Heller Ehrman offices in Washington, D.C. (Photo: Diego M. Radzinschi/ALM)
Eight years after its collapse, the law firm Heller Ehrman is still battling over the legal fees earned by departed partners.
In a brief filed Tuesday in California Supreme Court, a lawyer for the now-defunct firm argued that a dissolved law firm can recover its former partners’ hourly fees once they are at a new firm if the fees were earned for a matter that was in progress when the old firm disbanded.
Representing Heller, Diamond McCarthy partner Christopher Sullivan argued that because of a rule articulated in California’s Uniform Partnership Act, partners who left the firm for Jones Day, Davis Wright Tremaine, Foley & Lardner and Orrick, Herrington & Sutcliffe still had a responsibility to help pay the firm’s creditors with profits earned from matters they started at Heller.
“The Unfinished Business Rule recognizes that cases and matters brought into a law firm are the products of the efforts of the partnership as a whole and is built on long-established and basic partnership principles,” Sullivan wrote.
At the request of the U.S. Court of Appeals for the Ninth Circuit, California’s highest court is considering the question of whether a dissolved law firm has an interest in legal matters that are in progress but not completed at the time that the firm dissolved.
Earlier this year, the Ninth Circuit was asked to rule on an appeal in a case that stemmed from Heller’s 2008 bankruptcy. The firm had challenged a 2014 decision by U.S. District Judge Charles Breyer of the Northern District of California finding that the Heller estate had no claim to profits earned on client matters that former partners took with them to other law firms.
Breyer’s decision reversed a ruling by the bankruptcy court in Heller’s case that found that Orrick, Jones Day, Davis Wright and Foley had to pay back the Heller estate for fees earned by partners they had hired away from the dissolving firm. A dozen other law firms that hired Heller lawyers had previously settled with the defunct firm’s estate.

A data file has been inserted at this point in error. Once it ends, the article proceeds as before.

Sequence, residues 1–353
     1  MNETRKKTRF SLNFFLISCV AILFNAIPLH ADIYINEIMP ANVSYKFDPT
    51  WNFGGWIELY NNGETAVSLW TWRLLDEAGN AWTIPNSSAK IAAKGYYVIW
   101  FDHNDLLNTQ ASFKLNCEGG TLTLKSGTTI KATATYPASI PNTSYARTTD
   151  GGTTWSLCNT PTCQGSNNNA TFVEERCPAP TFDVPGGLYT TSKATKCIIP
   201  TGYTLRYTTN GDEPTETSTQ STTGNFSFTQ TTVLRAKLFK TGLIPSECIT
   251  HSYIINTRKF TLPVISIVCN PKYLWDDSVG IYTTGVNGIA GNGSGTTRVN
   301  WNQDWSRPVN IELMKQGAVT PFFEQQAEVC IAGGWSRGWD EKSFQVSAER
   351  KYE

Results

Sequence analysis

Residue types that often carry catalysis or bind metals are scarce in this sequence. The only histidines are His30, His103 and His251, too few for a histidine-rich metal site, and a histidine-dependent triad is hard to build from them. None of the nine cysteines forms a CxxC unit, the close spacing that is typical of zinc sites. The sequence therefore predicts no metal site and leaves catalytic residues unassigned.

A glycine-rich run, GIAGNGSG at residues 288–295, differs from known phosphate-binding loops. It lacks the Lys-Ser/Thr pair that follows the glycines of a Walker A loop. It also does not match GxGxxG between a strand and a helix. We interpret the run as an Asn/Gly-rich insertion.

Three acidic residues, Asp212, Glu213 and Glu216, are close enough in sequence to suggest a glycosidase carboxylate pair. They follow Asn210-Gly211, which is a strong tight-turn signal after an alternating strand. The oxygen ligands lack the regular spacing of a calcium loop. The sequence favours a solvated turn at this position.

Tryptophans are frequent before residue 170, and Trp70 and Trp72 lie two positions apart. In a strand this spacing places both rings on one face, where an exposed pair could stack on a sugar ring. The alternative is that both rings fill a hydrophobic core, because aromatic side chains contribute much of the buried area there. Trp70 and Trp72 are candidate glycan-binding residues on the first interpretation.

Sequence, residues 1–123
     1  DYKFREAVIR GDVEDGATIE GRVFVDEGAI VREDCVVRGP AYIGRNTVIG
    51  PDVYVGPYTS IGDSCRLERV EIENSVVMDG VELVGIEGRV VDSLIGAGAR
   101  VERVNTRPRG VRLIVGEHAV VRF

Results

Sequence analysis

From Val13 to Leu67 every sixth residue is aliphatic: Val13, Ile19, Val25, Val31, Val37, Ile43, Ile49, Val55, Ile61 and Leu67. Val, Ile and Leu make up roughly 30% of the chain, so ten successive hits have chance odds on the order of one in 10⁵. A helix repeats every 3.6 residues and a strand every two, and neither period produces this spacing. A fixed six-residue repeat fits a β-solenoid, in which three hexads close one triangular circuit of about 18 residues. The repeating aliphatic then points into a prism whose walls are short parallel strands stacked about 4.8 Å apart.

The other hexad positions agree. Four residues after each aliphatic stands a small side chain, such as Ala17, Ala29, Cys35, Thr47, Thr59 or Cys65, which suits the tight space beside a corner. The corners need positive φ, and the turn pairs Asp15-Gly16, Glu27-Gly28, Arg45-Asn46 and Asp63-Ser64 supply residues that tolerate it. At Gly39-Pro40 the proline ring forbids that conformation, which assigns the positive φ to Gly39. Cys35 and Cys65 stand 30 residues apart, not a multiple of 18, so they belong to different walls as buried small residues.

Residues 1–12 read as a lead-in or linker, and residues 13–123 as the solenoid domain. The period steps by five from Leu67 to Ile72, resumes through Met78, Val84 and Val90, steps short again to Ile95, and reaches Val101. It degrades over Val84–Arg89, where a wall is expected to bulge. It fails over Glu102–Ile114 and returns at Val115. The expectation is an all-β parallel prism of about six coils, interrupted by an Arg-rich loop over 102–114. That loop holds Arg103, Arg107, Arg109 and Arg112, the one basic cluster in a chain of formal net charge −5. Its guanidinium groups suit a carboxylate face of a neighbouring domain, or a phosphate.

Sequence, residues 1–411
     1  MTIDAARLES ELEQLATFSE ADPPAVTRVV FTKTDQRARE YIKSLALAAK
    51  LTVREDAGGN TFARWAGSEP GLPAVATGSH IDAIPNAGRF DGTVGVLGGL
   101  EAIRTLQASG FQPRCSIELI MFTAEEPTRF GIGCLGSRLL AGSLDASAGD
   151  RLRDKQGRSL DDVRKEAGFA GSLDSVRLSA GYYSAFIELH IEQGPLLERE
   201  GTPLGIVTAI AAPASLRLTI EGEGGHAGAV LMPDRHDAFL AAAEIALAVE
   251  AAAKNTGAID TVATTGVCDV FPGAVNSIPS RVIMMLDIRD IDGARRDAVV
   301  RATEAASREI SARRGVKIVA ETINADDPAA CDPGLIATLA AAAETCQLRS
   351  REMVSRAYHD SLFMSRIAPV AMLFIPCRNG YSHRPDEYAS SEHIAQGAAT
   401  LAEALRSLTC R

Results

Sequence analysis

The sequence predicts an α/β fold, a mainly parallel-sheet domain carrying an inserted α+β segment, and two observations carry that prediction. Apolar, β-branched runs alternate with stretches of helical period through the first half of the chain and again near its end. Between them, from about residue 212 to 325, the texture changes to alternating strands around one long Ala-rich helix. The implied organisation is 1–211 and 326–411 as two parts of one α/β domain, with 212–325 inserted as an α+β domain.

Unfinished business litigation has emerged out of other law firm dissolutions, including the bankruptcies of Coudert Brothers and Thelen. In those cases, the New York Court of Appeals determined that the dissolving law firms do not have a right to hourly fees earned by former partners once they’re at their new firms.
If the California court were to rule the other way, in favor of Heller, “it would have major implications” for law firm dissolutions and mergers in California, said Leslie Corwin, a Blank Rome partner who has written a book about partnership agreements and who wrote Heller’s dissolution plan.
Corwin said he agreed with Breyer’s ruling and that of the New York court because law firms do not own clients or legal engagements.
“You can’t penalize a law firm that takes on clients and attorneys from a dissolving law firm,” Corwin said.
Attorneys for the four law firms are likely to echo that argument in their response briefs, which are due early next year. Jones Day is represented by Shay Dvoretzky, a partner at the firm; Orrick’s counsel is Eric Shumsky, a partner at that firm; Foley is represented by Luther Orton, a former partner at Snyder Miller & Orton; and Davis Wright’s counsel is Steven Hirsch, a Keker & Van Nest partner.
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